Rewarding and recognizing an employee should be easier.
Back in the day, my VP of HR gave me a $50 gift certificate to Ann Taylor for meeting my quarterly goals and objectives. It was a nice surprise. I was appreciative. I walked into the store — where the cheapest petite pants were over $50 and needed to be hemmed — and I bought a pair of sunglasses. Then I walked out and forgot about the gift.
Isn’t that how most rewards and recognition programs work? You do your job because you are an adult. Someone gives you a nice surprise for being an adult. You say thank you. Then you go about your business and forget about it.
Well, it’s much more complicated than that. There is a huge industry built around the psychology of recognizing colleagues. And there’s a huge business in giving junk made in China stuff to employees and acknowledging accomplishments.
Who’s in that business? There is OC Tanner, Globoforce, YouEarnedIt, Michael C Fina, Inspirus, Martiz, and I Love Rewards. There are hundreds, actually. Go search for them.
Some of these companies operate as clearinghouses for gas grills and gold watches. Other companies allow you to use the fancy internet to thank your colleagues and send them a bottle of wine. None of these programs are cheap. It’s more cost-effective to go buy a gift card at Macy’s than to recognize an employee through one of these systems.
But if you are in HR, you want a reliable and valid way for colleagues to recognize one another. You want data. And you want to avoid ‘quid pro quo’ recognition. And you don’t want HR to manage this shit. Aren’t you busy enough with the company picnic?
You probably want to look into employee recognition software, but please don’t pick a vendor based on a catalogue full of pens and golf bags.
- The best ’employee rewards & recognition tools’ allow an employee to share the recognition with friends and family members. (The recognition is sticky and lasts longer than a simple transaction at an overpriced retail store.)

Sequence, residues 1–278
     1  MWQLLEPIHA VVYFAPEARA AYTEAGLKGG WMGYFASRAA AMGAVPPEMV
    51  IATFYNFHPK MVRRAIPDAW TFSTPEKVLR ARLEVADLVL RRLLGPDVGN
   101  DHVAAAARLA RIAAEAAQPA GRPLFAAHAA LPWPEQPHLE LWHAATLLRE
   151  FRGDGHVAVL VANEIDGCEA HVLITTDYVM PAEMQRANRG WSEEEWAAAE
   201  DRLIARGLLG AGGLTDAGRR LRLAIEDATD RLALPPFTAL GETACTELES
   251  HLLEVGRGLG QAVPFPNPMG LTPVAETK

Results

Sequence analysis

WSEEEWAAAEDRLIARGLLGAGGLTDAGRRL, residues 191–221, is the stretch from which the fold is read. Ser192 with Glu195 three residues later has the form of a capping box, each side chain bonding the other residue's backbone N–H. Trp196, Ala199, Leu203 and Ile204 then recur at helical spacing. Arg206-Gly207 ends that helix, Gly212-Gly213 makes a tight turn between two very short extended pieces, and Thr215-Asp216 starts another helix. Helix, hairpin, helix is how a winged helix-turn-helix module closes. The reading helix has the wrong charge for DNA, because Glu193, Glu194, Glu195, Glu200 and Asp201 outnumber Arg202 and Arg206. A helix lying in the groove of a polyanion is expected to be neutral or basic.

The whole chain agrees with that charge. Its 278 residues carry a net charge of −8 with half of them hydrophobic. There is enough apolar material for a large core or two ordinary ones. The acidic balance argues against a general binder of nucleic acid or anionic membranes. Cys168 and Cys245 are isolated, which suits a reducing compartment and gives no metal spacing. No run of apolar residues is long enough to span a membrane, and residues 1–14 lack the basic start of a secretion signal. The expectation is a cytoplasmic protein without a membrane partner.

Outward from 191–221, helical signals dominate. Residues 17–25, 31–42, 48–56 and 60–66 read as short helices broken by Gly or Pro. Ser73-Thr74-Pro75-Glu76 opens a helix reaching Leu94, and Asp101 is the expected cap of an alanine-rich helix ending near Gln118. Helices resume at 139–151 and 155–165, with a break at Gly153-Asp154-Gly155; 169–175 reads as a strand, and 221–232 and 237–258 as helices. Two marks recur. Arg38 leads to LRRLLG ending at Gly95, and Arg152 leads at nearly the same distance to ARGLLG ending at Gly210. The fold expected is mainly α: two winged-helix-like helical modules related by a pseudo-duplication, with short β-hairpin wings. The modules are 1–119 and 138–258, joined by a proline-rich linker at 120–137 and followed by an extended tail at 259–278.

- You want to buy a system that allows employees to build a history of her accomplishments and fold that information into her social networking profiles and enhance her professional ‘brand’.
- And a great tool will allow a manager to keep track of the data, review the information in an organized way, and import the data into a performance management tool.
So If you’re in the market for a rewards and recognition provider, I don’t care what company you pick. I am not part of some chumpy affiliate program where I earn 15% if you pick a certain vendor. I do want you to apply critical thinking skills and understand how your company historically recognizes and rewards its people. I want you to choose a program that is easy to use. I would also recommend a software solution that requires very little effort from IT to implement and maintain. Finally, I would recommend a program that you would use yourself.
- Is it fun? Is it simple? Does it require very little oversight from HR?
If you can say yes to all three, you’re on the right path.
And you can keep your dated rewards catalogue and give me something meaningful for my hard work. I want to be recognized with a trip to London. (Just saying, Starr Tincup. Just. Saying.)
This is a guest post by Laurie Ruettimann from http://thecynicalgirl.com
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